Let's Talk

“Death is not the opposite of life, but a part of it”

(Haruki Murakami)

Why we need to talk...

 

Talking about death is about planning for life, helping us make the most of the time that we have.

It helps you and your loved ones to be prepared: able to cope better with both the emotional and practical experiences around death.

 

For many people, it is very empowering to share their wishes and plans. It is our right to be able to choose.

It can give peace of mind and sometimes brings a sense of relief just to be able to have an open conversation.

For loved ones left behind, it is comforting to be able to honour the wishes of someone’s desires. It might also make things easier, when you're gone.

But now, during the COVID-19 pandemic, it is even more essential to talk about death.

Still need convincing? Here are some interesting articles to make you think...

An Act of Love by Greg Wise (Patron of End of Life Doula UK)

 

"Judge rules man should continue receiving life-prolonging treatment

against his wishes, says family" - Compassion in Dying

How to start talking...

Some gentle hints over a period of time can help to start a conversation. 

Once you are start you will feel more confident, then there is help to  talk in more detail, as well as to record your wishes. Find these tools here.

Sometimes watching a film, or hearing a favourite piece of music can trigger thoughts and enable you to bring them up in a light conversation. 

Or, sometimes someone else provides you with inspiration, or helps you to use the right words...

'Monsters' - James Blunt (a goodbye to his father)

'Her' - Ann Marie (a tribute to her mother)

Music can be a fantastic way to approach the conversation, even if it's just discussing pieces of music that are special to you, that you would like to be remembered by.

It may be the death of someone you know, their funeral, or the fear of the current COVID-19 Pandemic, that has made you think. There might be positive or negative thoughts.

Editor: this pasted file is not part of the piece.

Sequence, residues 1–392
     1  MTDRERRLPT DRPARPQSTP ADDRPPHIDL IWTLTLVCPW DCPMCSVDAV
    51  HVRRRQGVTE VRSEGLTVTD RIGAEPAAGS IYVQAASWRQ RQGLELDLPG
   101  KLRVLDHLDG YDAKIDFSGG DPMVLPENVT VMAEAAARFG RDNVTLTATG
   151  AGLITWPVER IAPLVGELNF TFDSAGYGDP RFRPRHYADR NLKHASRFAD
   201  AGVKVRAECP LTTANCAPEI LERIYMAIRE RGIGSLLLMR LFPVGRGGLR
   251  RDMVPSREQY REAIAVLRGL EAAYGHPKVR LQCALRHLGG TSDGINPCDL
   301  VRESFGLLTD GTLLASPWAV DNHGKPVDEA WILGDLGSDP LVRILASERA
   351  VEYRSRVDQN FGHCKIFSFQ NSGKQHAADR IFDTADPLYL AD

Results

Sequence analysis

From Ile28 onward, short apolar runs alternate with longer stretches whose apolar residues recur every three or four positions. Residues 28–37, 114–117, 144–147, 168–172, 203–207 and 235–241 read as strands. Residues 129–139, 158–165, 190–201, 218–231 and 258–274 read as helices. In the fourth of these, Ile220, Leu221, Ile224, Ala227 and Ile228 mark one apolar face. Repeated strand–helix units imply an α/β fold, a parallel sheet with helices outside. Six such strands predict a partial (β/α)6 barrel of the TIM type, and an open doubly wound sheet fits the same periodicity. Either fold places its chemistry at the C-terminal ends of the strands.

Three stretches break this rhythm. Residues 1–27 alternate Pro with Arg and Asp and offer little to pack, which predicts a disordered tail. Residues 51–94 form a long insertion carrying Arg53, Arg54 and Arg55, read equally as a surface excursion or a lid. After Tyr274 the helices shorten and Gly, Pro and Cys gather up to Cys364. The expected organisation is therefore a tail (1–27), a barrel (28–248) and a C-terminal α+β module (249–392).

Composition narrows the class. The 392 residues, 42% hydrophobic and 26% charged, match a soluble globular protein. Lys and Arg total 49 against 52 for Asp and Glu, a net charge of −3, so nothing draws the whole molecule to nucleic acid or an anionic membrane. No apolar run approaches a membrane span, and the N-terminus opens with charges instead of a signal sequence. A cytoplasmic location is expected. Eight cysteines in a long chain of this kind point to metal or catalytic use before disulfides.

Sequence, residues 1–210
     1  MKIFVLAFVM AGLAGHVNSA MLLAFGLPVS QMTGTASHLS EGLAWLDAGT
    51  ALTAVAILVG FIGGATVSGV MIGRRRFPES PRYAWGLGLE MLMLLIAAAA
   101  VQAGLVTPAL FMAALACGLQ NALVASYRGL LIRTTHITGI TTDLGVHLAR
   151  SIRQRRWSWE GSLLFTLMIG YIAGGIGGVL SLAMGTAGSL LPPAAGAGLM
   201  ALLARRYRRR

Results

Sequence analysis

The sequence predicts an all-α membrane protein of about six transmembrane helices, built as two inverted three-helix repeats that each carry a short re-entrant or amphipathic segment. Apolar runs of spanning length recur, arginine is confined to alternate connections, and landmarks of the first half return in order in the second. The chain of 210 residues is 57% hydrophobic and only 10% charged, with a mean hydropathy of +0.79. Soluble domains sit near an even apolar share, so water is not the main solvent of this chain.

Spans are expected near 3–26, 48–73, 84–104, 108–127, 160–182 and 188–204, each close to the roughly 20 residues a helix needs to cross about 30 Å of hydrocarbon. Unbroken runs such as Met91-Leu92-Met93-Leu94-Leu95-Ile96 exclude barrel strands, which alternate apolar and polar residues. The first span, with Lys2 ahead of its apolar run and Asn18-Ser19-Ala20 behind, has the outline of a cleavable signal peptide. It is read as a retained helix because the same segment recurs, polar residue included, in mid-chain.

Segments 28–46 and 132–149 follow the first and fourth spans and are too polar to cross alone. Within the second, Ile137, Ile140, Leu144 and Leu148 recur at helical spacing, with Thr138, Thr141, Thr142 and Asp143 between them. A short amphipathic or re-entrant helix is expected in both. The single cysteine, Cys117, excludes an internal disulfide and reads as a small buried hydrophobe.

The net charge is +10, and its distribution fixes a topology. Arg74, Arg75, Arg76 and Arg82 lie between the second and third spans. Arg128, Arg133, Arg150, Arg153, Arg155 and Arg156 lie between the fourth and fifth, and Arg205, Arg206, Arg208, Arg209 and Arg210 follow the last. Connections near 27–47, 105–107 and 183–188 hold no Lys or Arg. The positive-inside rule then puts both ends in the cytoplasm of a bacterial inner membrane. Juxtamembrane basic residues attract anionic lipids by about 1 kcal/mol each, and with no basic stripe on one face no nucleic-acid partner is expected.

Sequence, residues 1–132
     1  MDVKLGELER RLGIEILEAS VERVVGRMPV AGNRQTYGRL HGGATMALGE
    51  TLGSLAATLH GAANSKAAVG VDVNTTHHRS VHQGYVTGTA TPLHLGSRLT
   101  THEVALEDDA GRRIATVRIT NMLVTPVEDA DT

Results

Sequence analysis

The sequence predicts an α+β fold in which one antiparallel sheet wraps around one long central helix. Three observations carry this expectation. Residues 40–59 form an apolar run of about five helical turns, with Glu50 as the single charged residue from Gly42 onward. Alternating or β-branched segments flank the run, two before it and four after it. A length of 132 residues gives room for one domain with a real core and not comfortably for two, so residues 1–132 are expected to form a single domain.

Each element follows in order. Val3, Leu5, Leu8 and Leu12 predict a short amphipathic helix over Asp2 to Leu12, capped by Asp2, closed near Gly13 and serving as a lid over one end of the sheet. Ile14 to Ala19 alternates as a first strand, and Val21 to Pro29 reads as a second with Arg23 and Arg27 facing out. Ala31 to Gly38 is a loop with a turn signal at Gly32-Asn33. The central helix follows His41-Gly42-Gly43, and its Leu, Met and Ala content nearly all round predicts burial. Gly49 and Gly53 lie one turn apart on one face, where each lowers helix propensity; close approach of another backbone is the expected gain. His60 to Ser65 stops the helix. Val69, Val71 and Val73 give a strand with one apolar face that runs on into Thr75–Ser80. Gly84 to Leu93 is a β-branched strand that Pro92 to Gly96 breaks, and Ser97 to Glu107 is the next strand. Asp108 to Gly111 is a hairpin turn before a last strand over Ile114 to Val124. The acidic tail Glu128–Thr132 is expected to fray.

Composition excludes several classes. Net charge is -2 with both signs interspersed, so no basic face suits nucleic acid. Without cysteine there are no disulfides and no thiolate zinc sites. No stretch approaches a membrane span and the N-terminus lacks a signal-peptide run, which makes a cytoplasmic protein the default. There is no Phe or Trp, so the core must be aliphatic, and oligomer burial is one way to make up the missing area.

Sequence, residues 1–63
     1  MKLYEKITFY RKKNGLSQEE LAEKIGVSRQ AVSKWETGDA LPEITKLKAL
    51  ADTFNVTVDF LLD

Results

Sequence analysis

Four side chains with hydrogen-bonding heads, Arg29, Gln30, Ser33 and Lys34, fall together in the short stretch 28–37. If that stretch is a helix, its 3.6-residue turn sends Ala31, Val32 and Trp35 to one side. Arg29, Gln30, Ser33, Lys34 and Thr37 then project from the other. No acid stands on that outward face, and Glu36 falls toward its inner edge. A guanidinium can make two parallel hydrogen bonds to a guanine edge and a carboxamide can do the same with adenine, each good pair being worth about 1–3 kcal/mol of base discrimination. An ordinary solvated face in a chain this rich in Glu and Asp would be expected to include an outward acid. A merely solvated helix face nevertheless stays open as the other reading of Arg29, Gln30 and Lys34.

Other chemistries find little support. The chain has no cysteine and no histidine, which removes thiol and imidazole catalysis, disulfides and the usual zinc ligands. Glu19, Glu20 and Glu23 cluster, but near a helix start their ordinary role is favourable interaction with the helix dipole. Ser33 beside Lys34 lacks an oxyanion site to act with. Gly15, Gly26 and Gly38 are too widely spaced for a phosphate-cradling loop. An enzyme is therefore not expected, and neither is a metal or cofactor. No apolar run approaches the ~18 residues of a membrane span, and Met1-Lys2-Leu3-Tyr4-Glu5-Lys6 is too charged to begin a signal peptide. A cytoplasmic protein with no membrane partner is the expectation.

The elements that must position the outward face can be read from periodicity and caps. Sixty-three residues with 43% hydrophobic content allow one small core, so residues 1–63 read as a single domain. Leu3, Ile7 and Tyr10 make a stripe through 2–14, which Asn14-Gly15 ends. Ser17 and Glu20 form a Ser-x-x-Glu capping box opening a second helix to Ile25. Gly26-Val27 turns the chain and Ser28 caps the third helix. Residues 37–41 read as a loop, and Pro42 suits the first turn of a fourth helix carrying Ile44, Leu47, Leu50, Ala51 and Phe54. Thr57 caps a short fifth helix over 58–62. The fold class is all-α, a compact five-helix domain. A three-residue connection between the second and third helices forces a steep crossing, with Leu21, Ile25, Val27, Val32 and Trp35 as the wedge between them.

Either way, grab the opportunity and open up the conversation.

Need some help?

Try playing Question Cards. Marie Curie has produced an online resource here – but a pack of cards can be ordered from them too.

Compassion In Dying also has a useful booklet to help you start the conversation.

 

What to cover...

 

There are lots of things that could and probably should be discussed, but it’s OK to just cover some... especially if these conversations are new to you and feel difficult.

  

There are many different ways to do this, there are no rules.

Sometimes taking a leap of faith to start a conversation brings a positively surprising response and you are likely to feel more and more at ease and comfortable.

 

When opportunities arise and the time feels right, you could jot your thoughts down in a notebook- even if it's a simple comment regarding cremation or burial.

 

Or, you might want to think about it in this more structured way:

 

Choices regarding your end of life might include:

  1. The type of care you’d like towards the end of your life and where you would like to die- these can be recorded as an Advance Statement.

  2. How much active treatment you want and in what circumstances- these can be recorded as an Advance Decision to Refuse Treatment or a Living Will. If this is signed and witnessed, it is legally binding.

  3. Whether you wish to refuse an attempt to be resuscitated based upon your health and well-being and your personal values, this is a Do Not Attempt To Resuscitate Order. Although ultimately a medical decision, it is important that you consider your wishes.

  4. Appointing a Lasting Power of Attorney to make decisions on your behalf about your health and welfare or your property and financial affairs.

  5. Your worries, fears and questions about being ill and dying: sometimes this is best addressed by your medical or care professional, but sometimes it just good to share these thoughts with family, friends and carers and/or a Compassionate Companion.

  6. Saying or writing down things that matter to those that matter to you, in a way that works for you. For some, this would be dealing with 'unfinished business', like resolving family tensions. This could be a letter, a poem, a song, a picture, an audio recording or a video. It might contain your feelings about a loved one, a review of your life or simply depict how you envisage your end of life.

Choices regarding what happens after you die, including:

  1. Organ donation – Things are changing from 20 May 2020 and you will need to opt out if you do not wish to donate your organs.

  2. Funeral arrangements.

  3. Your will, including care of dependents, children or parents, or pets.

  4. Your digital legacy 

Our Resources page has all of the resources you need to record your wishes, including Advance Statements, a Living Will, or your funeral plans. 

Designed by JMM, 2020.